Swirling in your brain is an idea for the next big technology company. You have the drive, the revenue model, even the team, but a few roadblocks stand in your way, namely access to funds and mentors. Wouldn’t it be great if someone gave you $25,000 (in exchange for a percentage of equity) and three months to do nothing but work on your company, talk with the best minds in the industry and get in front of potential investors?
This dream is realized for entrepreneurs granted access to startup accelerator programs. Such programs are popping up all over the country and grooming promising companies into big-time successes. Most choose around 10 companies to participate in an intense three-month program culminating with a "demo day" in which entrepreneurs present to investors and hopefully attract enough money to keep running.
Sounds great, right? So how do you get in?
To find out, I sat down with the founders of three popular startup accelerators: David Bookspan, co-founder of DreamIt Ventures (with programs in New York City, Philadelphia and Israel); Marc S. Billings, founder of IncubateMiami; and Troy Henikoff, co-founder of Excelerate Labs in Chicago.
What do you look for in a potential company?
Bookspan: Most important, we are looking for the right people. We want to see a great team from a business and technology perspective. We want to know that the team has worked together before. And we want to know you come from a good background.
Billings: We are specifically looking for disruptive technologies that leverage assets in South Florida, Latin America and South America. We love anything that relates to media, travel, water or boating. In the application, we want to see a really focused idea. We also like it when people come prepared to learn, when they aren’t just locked down on one thought. And we want people who have confidence in what they are and have a thick skin.
Henikoff: We are looking for companies that use technology to disrupt big markets and for new opportunities in a specific marketplace. But primarily we are looking for the right founders. You need to be stubborn but at the same time open-minded and coachable. It is a tough balance to find.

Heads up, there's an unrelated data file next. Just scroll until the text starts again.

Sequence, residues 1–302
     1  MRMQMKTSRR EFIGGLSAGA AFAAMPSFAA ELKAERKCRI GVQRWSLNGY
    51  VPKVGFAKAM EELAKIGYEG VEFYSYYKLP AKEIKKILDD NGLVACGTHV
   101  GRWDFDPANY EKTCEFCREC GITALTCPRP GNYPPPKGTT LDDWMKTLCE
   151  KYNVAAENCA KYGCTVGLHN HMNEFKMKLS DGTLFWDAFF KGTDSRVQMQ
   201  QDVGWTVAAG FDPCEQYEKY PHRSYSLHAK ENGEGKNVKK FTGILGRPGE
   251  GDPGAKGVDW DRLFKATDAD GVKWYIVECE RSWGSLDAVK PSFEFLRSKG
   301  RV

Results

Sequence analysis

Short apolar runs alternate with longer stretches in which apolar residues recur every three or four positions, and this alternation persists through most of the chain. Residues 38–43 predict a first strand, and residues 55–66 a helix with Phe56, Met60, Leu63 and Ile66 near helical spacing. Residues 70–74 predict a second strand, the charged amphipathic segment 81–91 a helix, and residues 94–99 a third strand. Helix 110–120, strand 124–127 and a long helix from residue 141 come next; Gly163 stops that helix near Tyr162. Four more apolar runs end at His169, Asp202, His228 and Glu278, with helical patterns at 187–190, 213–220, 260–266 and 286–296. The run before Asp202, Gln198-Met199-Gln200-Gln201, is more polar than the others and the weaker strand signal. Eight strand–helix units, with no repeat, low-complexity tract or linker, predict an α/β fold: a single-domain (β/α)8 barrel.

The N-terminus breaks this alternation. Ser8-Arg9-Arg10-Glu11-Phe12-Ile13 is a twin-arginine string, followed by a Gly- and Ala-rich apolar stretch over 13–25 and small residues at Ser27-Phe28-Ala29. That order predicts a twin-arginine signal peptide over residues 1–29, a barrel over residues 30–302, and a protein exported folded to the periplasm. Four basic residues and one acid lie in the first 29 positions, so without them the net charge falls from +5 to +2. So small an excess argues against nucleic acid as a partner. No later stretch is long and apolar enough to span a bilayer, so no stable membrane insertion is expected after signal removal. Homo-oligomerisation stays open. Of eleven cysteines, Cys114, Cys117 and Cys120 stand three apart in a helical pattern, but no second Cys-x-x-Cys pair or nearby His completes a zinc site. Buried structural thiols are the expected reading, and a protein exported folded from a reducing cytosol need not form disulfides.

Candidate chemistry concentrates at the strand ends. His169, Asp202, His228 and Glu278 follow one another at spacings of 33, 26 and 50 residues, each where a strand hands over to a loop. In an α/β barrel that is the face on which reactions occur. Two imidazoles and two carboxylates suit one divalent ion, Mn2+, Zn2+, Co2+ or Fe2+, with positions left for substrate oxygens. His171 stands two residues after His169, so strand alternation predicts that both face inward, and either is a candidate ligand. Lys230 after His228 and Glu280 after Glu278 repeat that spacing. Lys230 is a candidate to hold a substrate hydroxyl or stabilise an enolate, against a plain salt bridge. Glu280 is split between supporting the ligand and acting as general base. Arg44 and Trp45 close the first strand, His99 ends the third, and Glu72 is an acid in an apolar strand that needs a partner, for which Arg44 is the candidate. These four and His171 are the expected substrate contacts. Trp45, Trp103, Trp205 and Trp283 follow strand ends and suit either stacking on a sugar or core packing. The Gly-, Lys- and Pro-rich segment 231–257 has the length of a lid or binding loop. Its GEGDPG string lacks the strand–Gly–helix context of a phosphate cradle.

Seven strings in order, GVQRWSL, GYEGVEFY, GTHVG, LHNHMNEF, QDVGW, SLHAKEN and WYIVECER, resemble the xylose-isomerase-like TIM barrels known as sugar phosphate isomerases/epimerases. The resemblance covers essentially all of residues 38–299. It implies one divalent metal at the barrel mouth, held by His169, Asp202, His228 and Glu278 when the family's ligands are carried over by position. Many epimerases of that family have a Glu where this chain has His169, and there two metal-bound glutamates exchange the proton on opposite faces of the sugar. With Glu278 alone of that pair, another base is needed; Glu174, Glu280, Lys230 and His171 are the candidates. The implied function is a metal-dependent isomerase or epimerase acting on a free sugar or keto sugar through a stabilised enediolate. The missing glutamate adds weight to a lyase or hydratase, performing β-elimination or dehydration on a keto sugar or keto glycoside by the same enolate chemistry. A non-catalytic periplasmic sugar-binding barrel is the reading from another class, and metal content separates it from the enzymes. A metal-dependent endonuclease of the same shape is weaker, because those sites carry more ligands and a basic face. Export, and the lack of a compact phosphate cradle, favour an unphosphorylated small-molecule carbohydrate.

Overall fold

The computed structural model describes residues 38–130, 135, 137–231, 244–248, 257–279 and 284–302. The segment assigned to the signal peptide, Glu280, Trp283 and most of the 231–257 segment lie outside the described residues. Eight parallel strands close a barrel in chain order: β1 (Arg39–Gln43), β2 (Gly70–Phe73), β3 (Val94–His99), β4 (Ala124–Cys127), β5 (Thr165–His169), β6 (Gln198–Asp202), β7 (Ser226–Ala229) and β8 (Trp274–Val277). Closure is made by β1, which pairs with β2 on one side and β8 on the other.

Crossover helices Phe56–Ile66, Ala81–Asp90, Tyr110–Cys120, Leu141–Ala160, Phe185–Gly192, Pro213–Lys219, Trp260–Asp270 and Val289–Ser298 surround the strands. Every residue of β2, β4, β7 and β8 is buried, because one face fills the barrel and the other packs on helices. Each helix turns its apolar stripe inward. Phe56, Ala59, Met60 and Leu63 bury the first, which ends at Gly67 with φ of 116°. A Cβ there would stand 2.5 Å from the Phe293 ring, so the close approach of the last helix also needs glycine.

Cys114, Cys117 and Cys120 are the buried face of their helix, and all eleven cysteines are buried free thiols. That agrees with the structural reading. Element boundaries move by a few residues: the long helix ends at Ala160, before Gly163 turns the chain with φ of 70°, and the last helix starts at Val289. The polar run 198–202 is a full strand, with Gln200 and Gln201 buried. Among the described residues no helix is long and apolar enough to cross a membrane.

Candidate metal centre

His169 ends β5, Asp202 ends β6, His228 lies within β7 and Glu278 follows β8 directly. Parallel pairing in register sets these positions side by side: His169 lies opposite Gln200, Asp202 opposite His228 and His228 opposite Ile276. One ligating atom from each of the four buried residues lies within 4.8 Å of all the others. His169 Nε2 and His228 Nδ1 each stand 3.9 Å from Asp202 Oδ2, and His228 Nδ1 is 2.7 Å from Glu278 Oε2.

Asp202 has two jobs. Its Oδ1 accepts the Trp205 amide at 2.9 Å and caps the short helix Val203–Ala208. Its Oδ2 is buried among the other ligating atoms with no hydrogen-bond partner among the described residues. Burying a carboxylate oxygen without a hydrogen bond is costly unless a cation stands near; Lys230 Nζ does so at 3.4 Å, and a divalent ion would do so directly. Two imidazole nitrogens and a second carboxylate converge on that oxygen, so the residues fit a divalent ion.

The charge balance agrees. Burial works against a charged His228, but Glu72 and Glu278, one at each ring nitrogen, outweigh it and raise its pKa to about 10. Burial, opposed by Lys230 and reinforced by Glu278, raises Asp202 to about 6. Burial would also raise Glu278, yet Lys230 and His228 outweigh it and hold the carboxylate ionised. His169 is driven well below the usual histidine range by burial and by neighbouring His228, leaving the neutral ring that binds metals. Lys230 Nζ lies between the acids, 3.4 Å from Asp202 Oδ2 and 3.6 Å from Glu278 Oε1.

What do you look for in a business plan?
Bookspan: We don’t look at business plans. We have a very simple application and are focusing on the people. The second most important thing is the market. We don’t care so much about the idea, as long as they are targeting a rich market.
Billings: We want to hear about the aha moment, the moment when the team realized what exactly they wanted to fix in life. We rarely need financials to the extent that most entrepreneurs think we do. We only care about connecting the dots.
Henikoff: We need to see you prove that there is a product market fit. We want to see a prototype and that targeted customers want to use your service. I care about level of engagement, not total number of users. If you sold something to 50 percent of a crowd, regardless of how big the crowd, I’m interested.
Tell me about a few companies to come out of your program.
Bookspan: Seatgeek, a ticket search engine. They had already launched by Demo Day. Another is Notehall, a lecture note marketplace. When they came to us, they were already deployed to universities and had revenue. We just helped them to scale.
Billings: Bookigee, a startup that helps authors digitally connect with readers. The founder explained to us that there were around 10 layers between the author and consumer in the old print world. Her idea was attractive to us because of her deep domain knowledge and love of the industry.
Henikoff: Tap.Me, which offers a platform for video game advertising. In 2010, the amount of time people spent playing video games was on par with the amount of time they spent watching television, yet advertising dollars spent on TV was larger than on games. It presented a huge opportunity.
What are some of the biggest mistakes you see in program candidates?
Bookspan: Believing you know the market, deciding what the problem is and saying that you will solve it come hell or high water. We want people to be nimble, to talk to customers before they even code and be willing to launch seven or eight times along the way.
Billings: Trying to solve every problem in the industry and believing that they will be able to do that. It is a deep challenge to narrow down business models into something extremely simple to understand. We want to see a single solution to a single problem.
Henikoff: Being close-minded. Not understanding the mechanics of your business and financial model really well. You need to be able to answer questions like: How did you get the lifetime value of your customer? [There is also] not knowing exactly who you customer is. It sounds obvious, but we see this often.
What advice can you give to entrepreneurs looking to apply?
Bookspan: First, realize that there is nothing academic about what you will embark on. People need to be very flexible in their personal and professional lives. Don’t think about applying if you can’t devote 100 percent of yourself to it.
Second, hone in on programs that will give you the most resources to move your company forward. Look at which advisors are listed for glamour purposes and which are the real mentors.
Billings: Know what you know, but come prepared to learn. Don’t be cocky.
Henikoff: Get in front of your potential customer. Get a minimum viable product out there, tweak it and try again. Don’t sit in a cave and polish your rock. We also want to see a customer acquisition plan, a go-to market strategy.
Have you applied to a startup accelerator? What was your experience?
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